They passed on to us in our heredity in Adam and we confirmed it by our behavior and our own personal sins. This is Living on the Edge with Chip Ingram and you've been listening to part one of Chip's message overcoming a dysfunctional family from our series Unstuck. Chip will be back shortly to share some helpful application for us to think about. Pain, it's an unfortunate part of the human experience. Whether it's a broken promise, a dysfunctional family relationship, or prejudice, we've all had to deal with being hurt.

So what are we supposed to do when that heartache cripples us to our core? In this insightful series, Chip reveals the hope and restoration that Jesus promises. As he studies the book of Ephesians, Chip will remind us who we are, whose we are, and why our past pain doesn't have to define our futures. To learn more about this series, visit livingontheedge.org. Well, our Bible teacher, Chip Ingram, is with me in studio now to share a quick word with all of you.

Chip? Thanks so much, Dave. Just before I come back and talk about some application for you in today's program, I just want to pause and thank those of you who are our monthly partners. You know, there's a significant group of people that each and every month, all various sizes, live monthly to Living on the Edge. And it is such a joy to know that there's stability and income that we know that's coming in that allows us to plan in really significant ways.

And if you're one of those, I just want to say praise God and thank you very much. It's an indication of your heart. It means that you're aligning with our mission, and I pray that God richly blesses you. Thanks Chip. Well, if you're already a financial partner, thank you. With your help, Living on the Edge is ministering to more people than ever.

But if you're benefiting from Chip's teaching and haven't taken that step yet, now would be a great time to join the team. To send a gift or to become a monthly partner, go to LivingOnTheEdge.org or call us at 888-333-6003. That's 888-333-6003 or visit LivingOnTheEdge.org. App listeners, tap donate. And thanks for giving whatever the Lord leads you to give.

Well, Chip, let's get to your application that we promised. As we close today's program, we all kind of have to raise our hand and say, yes, I'm from a dysfunctional family. And that phrase has become very, very popular and reality shows seem to validate how dysfunctional we can really be. But on a more serious note, you know, no one's mom or dad was perfect. And the reason is not because their parents weren't perfect or the parents before them weren't perfect. The Bible is very clear. The reason is that our original parents dropped the ball. In fact, they far worse than dropped the ball. They violated very clearly God's agenda and God's plan and they rebelled. There was a coup on the planet.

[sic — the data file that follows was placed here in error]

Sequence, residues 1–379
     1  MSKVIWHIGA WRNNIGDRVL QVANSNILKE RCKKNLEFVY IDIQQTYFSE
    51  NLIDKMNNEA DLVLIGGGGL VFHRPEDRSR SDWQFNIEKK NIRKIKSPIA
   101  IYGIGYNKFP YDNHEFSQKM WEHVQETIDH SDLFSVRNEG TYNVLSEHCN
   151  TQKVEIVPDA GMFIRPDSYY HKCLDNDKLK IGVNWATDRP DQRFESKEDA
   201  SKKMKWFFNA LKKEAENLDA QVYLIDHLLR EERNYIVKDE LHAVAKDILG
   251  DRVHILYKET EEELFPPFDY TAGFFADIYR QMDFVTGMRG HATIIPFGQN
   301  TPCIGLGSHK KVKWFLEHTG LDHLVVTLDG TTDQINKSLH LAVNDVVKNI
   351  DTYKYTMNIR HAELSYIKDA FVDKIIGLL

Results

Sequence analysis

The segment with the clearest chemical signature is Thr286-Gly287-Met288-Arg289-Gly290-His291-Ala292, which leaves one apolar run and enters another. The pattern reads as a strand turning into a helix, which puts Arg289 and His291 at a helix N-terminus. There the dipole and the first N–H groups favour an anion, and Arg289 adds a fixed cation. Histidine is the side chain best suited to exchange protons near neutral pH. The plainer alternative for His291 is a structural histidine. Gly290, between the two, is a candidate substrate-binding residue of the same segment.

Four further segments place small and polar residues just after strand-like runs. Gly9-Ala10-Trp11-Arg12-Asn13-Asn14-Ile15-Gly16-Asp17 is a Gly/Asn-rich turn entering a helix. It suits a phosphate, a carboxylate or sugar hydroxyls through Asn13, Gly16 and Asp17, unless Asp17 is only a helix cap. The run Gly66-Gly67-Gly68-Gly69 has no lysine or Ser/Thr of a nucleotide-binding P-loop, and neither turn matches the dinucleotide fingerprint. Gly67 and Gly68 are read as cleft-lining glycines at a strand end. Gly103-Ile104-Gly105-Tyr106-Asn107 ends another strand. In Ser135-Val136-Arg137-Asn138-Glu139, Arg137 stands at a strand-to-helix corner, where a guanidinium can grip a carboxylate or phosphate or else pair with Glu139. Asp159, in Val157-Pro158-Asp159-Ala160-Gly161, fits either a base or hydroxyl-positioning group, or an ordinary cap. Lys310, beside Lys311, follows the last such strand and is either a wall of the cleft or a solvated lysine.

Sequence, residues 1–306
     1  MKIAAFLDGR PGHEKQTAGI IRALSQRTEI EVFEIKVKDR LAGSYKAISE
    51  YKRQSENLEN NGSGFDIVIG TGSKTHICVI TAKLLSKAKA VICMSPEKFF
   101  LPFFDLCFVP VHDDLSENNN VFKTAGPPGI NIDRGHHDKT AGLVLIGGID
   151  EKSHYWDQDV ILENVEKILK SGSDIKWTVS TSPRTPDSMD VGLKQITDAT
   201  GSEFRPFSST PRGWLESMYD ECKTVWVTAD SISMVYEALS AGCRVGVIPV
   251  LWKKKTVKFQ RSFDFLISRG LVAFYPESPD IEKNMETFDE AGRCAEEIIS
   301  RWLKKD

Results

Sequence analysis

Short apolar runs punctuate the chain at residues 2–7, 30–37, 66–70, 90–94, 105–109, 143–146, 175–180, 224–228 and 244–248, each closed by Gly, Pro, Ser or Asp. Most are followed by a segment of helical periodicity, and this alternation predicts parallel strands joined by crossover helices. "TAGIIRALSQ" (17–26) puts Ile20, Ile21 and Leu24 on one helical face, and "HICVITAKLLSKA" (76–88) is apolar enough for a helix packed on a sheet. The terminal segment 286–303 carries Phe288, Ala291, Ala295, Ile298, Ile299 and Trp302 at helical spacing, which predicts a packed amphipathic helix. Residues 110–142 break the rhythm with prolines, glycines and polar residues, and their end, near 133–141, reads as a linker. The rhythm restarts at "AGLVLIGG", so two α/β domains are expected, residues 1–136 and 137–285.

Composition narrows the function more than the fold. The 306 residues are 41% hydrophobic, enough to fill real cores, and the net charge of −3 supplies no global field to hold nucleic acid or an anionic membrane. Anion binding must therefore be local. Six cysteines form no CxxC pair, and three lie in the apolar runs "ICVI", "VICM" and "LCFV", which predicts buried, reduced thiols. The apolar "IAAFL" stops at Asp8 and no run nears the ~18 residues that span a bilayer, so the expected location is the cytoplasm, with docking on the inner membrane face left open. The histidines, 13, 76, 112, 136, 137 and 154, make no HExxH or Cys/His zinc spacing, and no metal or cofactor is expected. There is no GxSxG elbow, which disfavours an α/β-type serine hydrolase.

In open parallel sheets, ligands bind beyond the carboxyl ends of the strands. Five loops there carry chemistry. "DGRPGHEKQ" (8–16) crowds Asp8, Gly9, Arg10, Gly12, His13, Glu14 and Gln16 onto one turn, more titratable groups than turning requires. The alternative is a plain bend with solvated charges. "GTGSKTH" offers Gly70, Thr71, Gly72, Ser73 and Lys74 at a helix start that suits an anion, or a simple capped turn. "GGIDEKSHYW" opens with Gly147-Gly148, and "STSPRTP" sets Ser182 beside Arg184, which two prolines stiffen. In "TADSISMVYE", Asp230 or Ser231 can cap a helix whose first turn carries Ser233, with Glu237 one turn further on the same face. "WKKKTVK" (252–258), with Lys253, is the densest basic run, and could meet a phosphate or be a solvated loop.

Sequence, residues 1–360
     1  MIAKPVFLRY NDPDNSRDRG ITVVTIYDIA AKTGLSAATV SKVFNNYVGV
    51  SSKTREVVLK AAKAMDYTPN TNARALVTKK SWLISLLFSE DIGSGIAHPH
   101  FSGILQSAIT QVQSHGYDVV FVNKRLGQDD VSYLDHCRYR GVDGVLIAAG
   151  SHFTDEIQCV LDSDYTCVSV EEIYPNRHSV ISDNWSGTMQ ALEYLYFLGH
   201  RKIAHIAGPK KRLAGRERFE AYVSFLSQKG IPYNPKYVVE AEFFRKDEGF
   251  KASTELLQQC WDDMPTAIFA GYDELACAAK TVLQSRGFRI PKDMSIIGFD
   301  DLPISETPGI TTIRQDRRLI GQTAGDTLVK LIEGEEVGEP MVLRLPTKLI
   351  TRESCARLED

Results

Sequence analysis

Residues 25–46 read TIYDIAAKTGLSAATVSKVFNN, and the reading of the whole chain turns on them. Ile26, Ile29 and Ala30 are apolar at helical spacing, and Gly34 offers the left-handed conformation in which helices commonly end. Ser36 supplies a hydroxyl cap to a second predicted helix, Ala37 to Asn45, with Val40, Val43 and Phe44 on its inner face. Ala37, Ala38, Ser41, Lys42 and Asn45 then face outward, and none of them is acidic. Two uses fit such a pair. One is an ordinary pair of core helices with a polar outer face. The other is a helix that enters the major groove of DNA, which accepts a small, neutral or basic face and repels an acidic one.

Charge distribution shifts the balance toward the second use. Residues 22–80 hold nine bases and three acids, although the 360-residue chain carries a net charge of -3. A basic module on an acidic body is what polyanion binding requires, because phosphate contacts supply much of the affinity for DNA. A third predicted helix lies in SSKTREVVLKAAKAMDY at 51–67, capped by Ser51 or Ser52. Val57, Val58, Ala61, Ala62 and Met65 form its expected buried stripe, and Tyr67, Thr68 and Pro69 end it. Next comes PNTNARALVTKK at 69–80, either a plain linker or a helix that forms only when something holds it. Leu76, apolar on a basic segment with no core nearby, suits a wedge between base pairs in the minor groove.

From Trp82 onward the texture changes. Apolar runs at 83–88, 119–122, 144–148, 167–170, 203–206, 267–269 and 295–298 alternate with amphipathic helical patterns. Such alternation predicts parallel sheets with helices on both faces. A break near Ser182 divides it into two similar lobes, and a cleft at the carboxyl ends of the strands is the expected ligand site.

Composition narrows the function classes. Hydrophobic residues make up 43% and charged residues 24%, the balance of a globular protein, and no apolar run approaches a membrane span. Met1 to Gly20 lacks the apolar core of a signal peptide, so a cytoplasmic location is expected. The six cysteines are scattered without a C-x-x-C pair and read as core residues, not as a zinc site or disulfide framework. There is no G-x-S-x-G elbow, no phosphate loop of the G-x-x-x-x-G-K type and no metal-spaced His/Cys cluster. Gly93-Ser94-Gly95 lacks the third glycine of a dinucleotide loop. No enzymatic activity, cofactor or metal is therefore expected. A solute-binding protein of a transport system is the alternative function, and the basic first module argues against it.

Eve was deceived and then Adam with eyes wide open knew exactly what he was doing is wrong. And he said, no, to God, I'll run my life my way. I want to be like you. I'll be the center of the universe. I'm going to be in control. And the Bible calls that missing the mark. The Bible calls that a trespass. It just means you cross a line and we've all crossed lines, right? You know exactly what you're supposed to do. And even in your mind is something in your mind says, don't say anything. I mean, do not say anything right now. And then you find these words coming out of your mouth that are sharp and critical and painful. Or you've been in a situation that says, you know, you're something in your conscience says, do not go with those people. Do not click on to that show right now. Do not drink that next beer.

And then you do. And whatever it is, the Bible calls that sin. And I want to remind you, even before our next broadcast, that the cycle of destruction was broken. And it was broken because God loved you so much that Jesus being fully God died upon the cross and he atoned or covered for your sin.

He paid for them once and for all. And he broke you out of your dysfunctional family. If by faith you receive the forgiveness that he offers through his shed blood in resurrection.

I don't know where you're at, but let me tell you this. Your dysfunctional issues in your present life rooted in your past will never get transformed apart from a deep abiding saving relationship with Jesus Christ. God loves you.

He wants to break the cycle. Act on that today. You'll be glad you did.

Great stewardship. And before we go, if you want to learn more about what it means to be in a relationship with Jesus, let me encourage you to get our friend John Dickerson's book, Jesus Loves Me. You'll discover why Christ came to earth and what it looks like to follow him wholeheartedly. To get your hands on John's book, go to special offers on the Chip Ingram app or livingontheedge.org. Well, thanks for listening to this Edition of Living on the Edge with Chip Ingram. Next time we'll continue Chip's series, Unstuck, from the book of Ephesians. I'm Dave Druey, and I hope you'll join us then.
Whisper: medium.en / 2024-01-19 05:35:44 / 2024-01-19 05:47:12 / 11